How to be a cool headed clinicianBMJ 2012; 344 doi: https://doi.org/10.1136/bmj.e3980 (Published 08 June 2012) Cite this as: BMJ 2012;344:e3980
- Daniel K Sokol, honorary senior lecturer in medical ethics, Imperial College London, and barrister, Inner Temple, London, UK
At law school, as at medical school, however hard you study nothing quite prepares you for the real thing. In court, when your opponent rises to invoke an unfamiliar and potentially killer point, the mind tends to panic: “Where did this come from? Did I miss something in my preparation? What am I going to say?” Searching frantically for a response, you watch in despair as your opponent sits down. The stern looking judge nods expectantly in your direction: it is your turn to rise and speak. The world is now a lonely place, with nowhere to hide. Although stressful, this experience is central to professional development⇑.
Experience alone, however, is of little value. The psychologist Anders Ericsson, an expert on experts, declared in a recent book that he had been “unable to find any evidence showing that experience has any benefits unless people pay attention to feedback and actively adjust.”1 For it to be effective, experience must be reflected on. This article is part of my reflection, but I have also got into the habit of jotting down key lessons after an eventful day in court. Recently, I simply wrote: “imperturbability.”
Although empathy, compassion, and kindness are buzz words in medical schools (so much so that some clinicians associate ethicists with bleeding hearts and sentimentality), the great William Osler told medical students in 1889, “In the physician or surgeon no quality takes rank with imperturbability. The physician who has the misfortune to be without it,” Osler continued, “who betrays indecision and worry, and who shows that he is flustered and flurried in ordinary emergencies, loses rapidly the confidence of his patients.” This appears at odds with the modern focus on empathy, but does Osler’s view have a place in medical practice today?
It is often said that before the past few decades medical ethics emphasised manners, etiquette, and decorum, with empathy having only a small part to play. The importance of empathy today can be ascribed, at least in part, to the unprecedented use of technology in medicine; the limited time available to see patients; and the integration of communication skills, ethics, and the humanities in the medical curriculum. Empathy emerged as a counterpoint to the “stranger at the bedside” phenomenon, attempting to give the stranger a human face. The focus on empathy in the training of medical students has made the Oslerian virtue of imperturbability unfashionable.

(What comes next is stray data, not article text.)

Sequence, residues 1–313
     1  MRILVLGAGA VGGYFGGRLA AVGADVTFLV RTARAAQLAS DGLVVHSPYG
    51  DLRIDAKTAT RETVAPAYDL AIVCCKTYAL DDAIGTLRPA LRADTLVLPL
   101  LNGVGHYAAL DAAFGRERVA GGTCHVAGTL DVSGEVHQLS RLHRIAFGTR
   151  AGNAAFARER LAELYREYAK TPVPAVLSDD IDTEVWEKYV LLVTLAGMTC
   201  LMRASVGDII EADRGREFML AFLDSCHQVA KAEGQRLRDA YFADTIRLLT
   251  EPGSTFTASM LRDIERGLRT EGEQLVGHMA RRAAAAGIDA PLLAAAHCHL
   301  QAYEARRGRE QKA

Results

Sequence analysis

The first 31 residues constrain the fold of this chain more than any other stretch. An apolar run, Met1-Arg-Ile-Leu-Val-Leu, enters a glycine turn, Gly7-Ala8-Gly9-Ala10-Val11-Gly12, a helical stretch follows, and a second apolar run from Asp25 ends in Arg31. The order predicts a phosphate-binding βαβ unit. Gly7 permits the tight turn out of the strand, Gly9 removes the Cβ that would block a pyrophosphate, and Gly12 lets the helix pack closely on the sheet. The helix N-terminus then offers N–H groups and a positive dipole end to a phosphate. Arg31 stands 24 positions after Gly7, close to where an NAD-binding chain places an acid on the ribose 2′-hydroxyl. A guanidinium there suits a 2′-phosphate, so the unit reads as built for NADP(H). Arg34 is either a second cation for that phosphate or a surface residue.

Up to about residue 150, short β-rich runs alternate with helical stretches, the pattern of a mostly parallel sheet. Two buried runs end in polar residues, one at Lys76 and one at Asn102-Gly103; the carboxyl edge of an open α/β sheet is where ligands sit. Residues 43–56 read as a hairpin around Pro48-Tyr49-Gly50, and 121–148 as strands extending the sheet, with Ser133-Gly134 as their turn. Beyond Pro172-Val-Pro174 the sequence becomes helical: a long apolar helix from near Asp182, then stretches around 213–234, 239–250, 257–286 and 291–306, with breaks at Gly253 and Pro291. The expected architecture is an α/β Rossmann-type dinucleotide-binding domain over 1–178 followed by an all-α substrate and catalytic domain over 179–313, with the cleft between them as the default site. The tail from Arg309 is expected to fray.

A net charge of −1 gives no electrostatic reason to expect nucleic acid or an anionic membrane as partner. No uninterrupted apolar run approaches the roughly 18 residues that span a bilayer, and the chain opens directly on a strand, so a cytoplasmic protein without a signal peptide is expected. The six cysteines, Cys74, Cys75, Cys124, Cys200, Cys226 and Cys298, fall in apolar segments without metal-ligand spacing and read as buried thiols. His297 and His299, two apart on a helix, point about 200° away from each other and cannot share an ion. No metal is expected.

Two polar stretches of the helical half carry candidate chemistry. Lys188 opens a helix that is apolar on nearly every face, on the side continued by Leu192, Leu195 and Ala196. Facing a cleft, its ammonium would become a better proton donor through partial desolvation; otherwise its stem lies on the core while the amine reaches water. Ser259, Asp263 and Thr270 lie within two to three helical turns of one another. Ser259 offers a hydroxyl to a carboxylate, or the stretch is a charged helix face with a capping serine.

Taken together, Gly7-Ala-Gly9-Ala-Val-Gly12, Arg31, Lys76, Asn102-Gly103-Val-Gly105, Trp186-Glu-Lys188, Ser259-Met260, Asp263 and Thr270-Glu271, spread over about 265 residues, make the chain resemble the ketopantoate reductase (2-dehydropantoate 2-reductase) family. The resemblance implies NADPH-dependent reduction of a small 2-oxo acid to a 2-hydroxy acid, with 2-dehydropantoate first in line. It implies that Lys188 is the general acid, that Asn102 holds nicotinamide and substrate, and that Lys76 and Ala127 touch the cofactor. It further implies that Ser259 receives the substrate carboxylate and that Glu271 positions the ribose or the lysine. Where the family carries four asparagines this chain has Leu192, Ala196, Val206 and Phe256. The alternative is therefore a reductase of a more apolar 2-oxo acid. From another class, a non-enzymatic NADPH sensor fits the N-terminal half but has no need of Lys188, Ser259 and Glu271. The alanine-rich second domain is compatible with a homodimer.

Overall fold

A key problem with empathy is that it cannot readily be taught to those who are not, by nature, empathetic. You cannot teach empathy as you teach how to perform a lumbar puncture. In that respect, there is much to be said for focusing on less nebulous qualities, such as courtesy and politeness. As I have argued previously, these are undervalued traits in medicine, and although their importance may be obvious their application is more challenging in the heat of a busy clinic, when frustration and fatigue can test even the most patient doctor.2
Aside from the difficulty in teaching empathy, it is debatable whether it is a desirable quality for doctors.3 Indeed, the ill effects of empathy underpin the reason why doctors should not treat loved ones. A degree of dispassion is needed to maintain a medical gaze not blurred by too great a concern for the patient as a person. Yet, the questionable benefits of empathy do not derogate from the importance of kindness, which is a less demanding emotion. Few patients would object to a kind doctor. Many more would have concerns about an empathic doctor, fearing this shows either inexperience or a lack of mental fortitude. In the debates on the acceptability of doctors crying in front of patients, praying with them, or displaying outward effusions of emotion, at the risk of appearing heartless, I side with Osler. There must be an outward calm, a reassuring coolness, although it must not veer into indifference. Imperturbability is compatible with showing concern for the patient, and Osler himself is a case in point.
The million dollar question is how to develop the quality of imperturbability, and here lessons can be gleaned from the world of elite performance. According to the Yale psychiatrist Andy Morgan, who has conducted research on stress in military trainees in the United States, perception is key: “How you frame something in your head has a great deal to do with your neurobiological response to it. Once you start saying to yourself, ‘Oh my God, this is awful,’ you begin releasing more cortisol and start this cascade of alarm.”4 Neuroscience is deepening our understanding of stress and decision making, but it is clear that the poise of those doctors we admire is more than innate disposition. It requires repeated gritty experience and subsequent postmortems to discover what went right and wrong and to find ways to improve. This appreciation of the potential value of experience may, in itself, be reassuring next time an unexpected difficulty arises in the clinic, the operating theatre, or in Uxbridge County Court in front of a stone hearted judge.
Cite this as: BMJ 2012;344:e3980